Archive for March, 2018

The Retromer Complex and Sorting Nexins in Neurodegenerative Diseases

March 26th, 2018 by Global Down Syndrome Foundation

AcceptAbility Slider

March 24th, 2018 by Global Down Syndrome Foundation

Uganda celebrates World Down Syndrome Day 2018!

March 23rd, 2018 by Global Down Syndrome Foundation

Global was proud to join forces with the Global Livingston Institute to bring local organizations, families and children with Down syndrome together in Uganda’s capitol city of Kampala to celebrate World Down Syndrome Day! The theme of the event was social inclusion, and over 300 people came out to celebrate and create awareness about Down syndrome. Other organizations based in Uganda that came together to make the day a success included EmbraceKulture, Children’s Clinic Naalya, The Uganda Down Syndrome Association, and Angel’s Center for Children with special needs. Way to go GLI Team on an impactful WDSD Uganda 2018!

Other related press & videos highlighting Down syndrome in Uganda and the work of local organizations involved:

NBS Interview – Rosemary Nambooze & Dr. Daniel Tumwine


NBS Interview – Daphine Murungi


NTV Article – Daphine Murungi Feature


NTV Article – Olivia / EmbraceKulture Feature


The Monitor – Rosemary Article

 

Global Down Syndrome Foundation Applauds Congressional Champions and Looks Forward to Partnering with the Trans-NIH Down Syndrome Initiative

DENVER – Thursday, March 22, 2018 – The Global Down Syndrome Foundation applauds Congress for including funding for a new trans-National Institutes of Health (NIH) initiative to study Down syndrome in the final Fiscal Year 2018 Omnibus Appropriations legislation that is expected to pass this week. The provision, supported by the Global Down Syndrome Foundation, directs the NIH Director to lead a groundbreaking new scientific initiative to study immune system dysregulation and trisomy 21, with the aim of yielding research discoveries to improve the health of individuals with Down syndrome and typical individuals at risk for Alzheimer’s disease, cancer, cardiovascular disease, and autism, among others.

“Today’s action marks a significant advance in our efforts to improve the lives of individuals with Down syndrome as well as millions of other Americans,” said Michelle Sie Whitten, President, CEO, and Co-Founder of the Global Down Syndrome Foundation (Global). “We applaud our bipartisan allies in Congress especially the leadership of Appropriations Subcommittee Chairs Tom Cole (R-OK) and Senator Roy Blunt (R-MO) and Ranking Members Representative Rosa DeLauro (D-CT) and Senator Patty Murray (D-WA) as well as Representatives Cathy McMorris Rodgers (R-WA), Pete Sessions (R-TX), Mike Coffman (R-CO) and Cheri Bustos (D-IL).”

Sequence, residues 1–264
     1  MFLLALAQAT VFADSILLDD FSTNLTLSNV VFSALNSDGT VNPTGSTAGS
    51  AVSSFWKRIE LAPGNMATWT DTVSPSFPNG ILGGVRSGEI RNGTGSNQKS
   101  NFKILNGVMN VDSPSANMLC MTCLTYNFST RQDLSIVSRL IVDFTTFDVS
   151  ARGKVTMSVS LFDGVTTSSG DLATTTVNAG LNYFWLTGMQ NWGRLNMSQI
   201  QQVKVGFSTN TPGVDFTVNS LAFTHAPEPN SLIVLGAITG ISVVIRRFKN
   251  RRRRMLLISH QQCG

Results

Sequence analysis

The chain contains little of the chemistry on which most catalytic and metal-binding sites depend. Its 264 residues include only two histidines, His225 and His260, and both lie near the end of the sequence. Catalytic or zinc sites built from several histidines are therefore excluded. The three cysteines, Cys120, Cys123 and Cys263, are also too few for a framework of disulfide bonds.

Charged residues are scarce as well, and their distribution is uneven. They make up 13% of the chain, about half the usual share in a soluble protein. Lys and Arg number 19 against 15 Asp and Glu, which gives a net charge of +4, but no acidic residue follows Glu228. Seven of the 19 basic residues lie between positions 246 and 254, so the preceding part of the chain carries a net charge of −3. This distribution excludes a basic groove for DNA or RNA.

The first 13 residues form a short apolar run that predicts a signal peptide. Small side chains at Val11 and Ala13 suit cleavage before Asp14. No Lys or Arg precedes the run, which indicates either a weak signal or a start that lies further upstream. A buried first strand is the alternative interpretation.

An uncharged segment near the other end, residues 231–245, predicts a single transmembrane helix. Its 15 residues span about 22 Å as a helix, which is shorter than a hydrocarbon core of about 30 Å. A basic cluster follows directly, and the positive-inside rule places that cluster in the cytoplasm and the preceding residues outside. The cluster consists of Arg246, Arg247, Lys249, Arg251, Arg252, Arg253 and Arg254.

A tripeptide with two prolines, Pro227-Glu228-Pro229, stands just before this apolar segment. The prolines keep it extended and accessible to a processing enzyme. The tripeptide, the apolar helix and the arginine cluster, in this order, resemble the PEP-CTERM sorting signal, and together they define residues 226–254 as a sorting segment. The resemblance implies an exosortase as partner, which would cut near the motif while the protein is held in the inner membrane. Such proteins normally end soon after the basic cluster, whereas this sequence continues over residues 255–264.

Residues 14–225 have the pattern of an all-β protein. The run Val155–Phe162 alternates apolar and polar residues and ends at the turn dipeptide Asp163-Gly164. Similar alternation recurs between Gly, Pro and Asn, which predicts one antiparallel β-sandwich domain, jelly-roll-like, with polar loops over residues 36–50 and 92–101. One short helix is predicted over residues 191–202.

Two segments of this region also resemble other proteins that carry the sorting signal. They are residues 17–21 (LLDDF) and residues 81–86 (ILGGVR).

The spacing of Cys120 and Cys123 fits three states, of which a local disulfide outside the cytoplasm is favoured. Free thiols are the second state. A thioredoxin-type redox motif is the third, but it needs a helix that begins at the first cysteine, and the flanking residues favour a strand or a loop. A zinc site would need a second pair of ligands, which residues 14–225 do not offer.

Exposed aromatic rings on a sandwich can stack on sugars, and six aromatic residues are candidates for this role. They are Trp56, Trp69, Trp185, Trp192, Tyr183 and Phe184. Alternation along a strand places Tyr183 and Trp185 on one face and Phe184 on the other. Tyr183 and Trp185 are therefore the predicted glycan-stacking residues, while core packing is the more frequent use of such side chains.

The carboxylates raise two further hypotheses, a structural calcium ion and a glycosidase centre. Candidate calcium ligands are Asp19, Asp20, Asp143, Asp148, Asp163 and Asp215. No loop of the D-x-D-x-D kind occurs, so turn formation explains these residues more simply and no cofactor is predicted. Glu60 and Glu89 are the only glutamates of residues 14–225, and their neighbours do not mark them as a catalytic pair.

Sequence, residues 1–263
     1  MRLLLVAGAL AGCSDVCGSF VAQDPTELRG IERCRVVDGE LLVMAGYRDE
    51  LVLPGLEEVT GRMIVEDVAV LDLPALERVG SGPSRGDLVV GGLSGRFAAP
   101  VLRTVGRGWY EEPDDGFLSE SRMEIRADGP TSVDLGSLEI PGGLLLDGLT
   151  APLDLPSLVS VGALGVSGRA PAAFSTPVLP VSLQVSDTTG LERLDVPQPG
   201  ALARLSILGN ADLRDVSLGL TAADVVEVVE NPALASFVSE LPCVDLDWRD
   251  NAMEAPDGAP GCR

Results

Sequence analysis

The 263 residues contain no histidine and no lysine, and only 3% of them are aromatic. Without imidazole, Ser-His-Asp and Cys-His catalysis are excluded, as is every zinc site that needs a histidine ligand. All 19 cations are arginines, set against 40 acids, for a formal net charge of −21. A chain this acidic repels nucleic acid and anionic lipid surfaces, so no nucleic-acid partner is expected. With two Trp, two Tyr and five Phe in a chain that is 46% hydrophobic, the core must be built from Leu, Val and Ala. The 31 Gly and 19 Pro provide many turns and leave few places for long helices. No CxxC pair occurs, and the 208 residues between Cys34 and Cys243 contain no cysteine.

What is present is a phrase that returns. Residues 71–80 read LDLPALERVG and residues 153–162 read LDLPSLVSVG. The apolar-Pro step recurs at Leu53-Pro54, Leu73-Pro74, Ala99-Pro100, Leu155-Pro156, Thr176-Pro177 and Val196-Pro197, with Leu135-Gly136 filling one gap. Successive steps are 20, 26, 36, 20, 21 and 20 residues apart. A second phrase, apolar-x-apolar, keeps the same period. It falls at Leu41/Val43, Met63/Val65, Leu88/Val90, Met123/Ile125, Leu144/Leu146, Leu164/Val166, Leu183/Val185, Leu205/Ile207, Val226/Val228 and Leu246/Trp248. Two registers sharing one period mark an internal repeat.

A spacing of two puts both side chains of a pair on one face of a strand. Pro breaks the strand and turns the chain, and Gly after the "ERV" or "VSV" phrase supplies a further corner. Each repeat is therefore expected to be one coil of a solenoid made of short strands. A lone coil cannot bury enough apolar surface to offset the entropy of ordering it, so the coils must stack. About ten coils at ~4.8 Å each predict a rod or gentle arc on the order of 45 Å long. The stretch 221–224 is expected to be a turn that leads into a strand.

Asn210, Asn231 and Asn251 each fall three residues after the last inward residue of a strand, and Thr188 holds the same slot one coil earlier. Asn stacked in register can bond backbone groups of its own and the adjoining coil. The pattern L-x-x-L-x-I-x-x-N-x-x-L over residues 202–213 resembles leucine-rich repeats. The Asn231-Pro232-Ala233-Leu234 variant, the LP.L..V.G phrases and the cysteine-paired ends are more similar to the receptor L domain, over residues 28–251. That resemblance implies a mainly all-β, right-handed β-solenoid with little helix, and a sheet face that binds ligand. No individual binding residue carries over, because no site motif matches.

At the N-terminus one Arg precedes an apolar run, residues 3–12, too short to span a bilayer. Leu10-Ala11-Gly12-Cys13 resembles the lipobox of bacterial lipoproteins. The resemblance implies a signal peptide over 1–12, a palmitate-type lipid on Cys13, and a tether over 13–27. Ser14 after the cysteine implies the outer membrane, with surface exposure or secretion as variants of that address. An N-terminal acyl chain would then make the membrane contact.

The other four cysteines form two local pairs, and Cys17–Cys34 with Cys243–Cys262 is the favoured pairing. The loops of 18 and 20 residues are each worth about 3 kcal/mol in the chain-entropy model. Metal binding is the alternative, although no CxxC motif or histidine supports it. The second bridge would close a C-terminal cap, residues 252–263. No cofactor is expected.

Last year, the Appropriations Subcommittee on Labor, Health and Human Services, Education, and Related Agencies, which provides federal funding for the NIH, held the first ever hearing on current and future research funding priorities for people with Down syndrome. The Subcommittee heard testimony from experts including Whitten, her colleague Dr. Joaquín M. Espinosa, Executive Director of the Linda Crnic Institute for Down Syndrome on the Anschutz Medical Campus, and Frank Stephens, a Global Quincy Jones Award Recipient and Advocate.

People who have three copies of chromosome 21 (instead of two) have Down syndrome, also known as trisomy 21. The additional copy of this small human chromosome leads to a radically different disease spectrum for people with Down syndrome whereby they are predisposed to or protected from major diseases that are the cause of death for over of 50% of Americans. For example, people with Down syndrome face an extraordinarily high prevalence of Alzheimer’s disease and a high prevalence of autoimmune disease and childhood leukemia. Conversely, they are protected against heart attack and solid cancers such as breast cancer or prostate cancer.

Recent, scientific research funded by Global and led by Dr. Espinosa, called the Crnic Institute Human TrisomeTM project, has led to a transformative discovery. Specifically, Dr. Espinosa’s lab found a continuous dysregulation of the immune system in all people with Down syndrome which may explain much of the different disease spectrum observed in this population. The new trans-NIH initiative – which will include the National Cancer Institute, the National Institute on Aging, and the National Institute for Child Health and Human Development – will help accelerate efforts to quickly build upon these findings and fuel new therapeutic discoveries that will improve the health of people with Down syndrome and millions of others.

Global is thrilled to know that its decade-long campaign to educate our government and invest in science has helped lead to this new development. Global looks forward to being a resource and working with the NIH as this initiative takes shape. This represents an amazing milestone for federal research on Down syndrome and our members and advocates join us in thanking Congress for making this a reality.

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About the Global Down Syndrome Foundation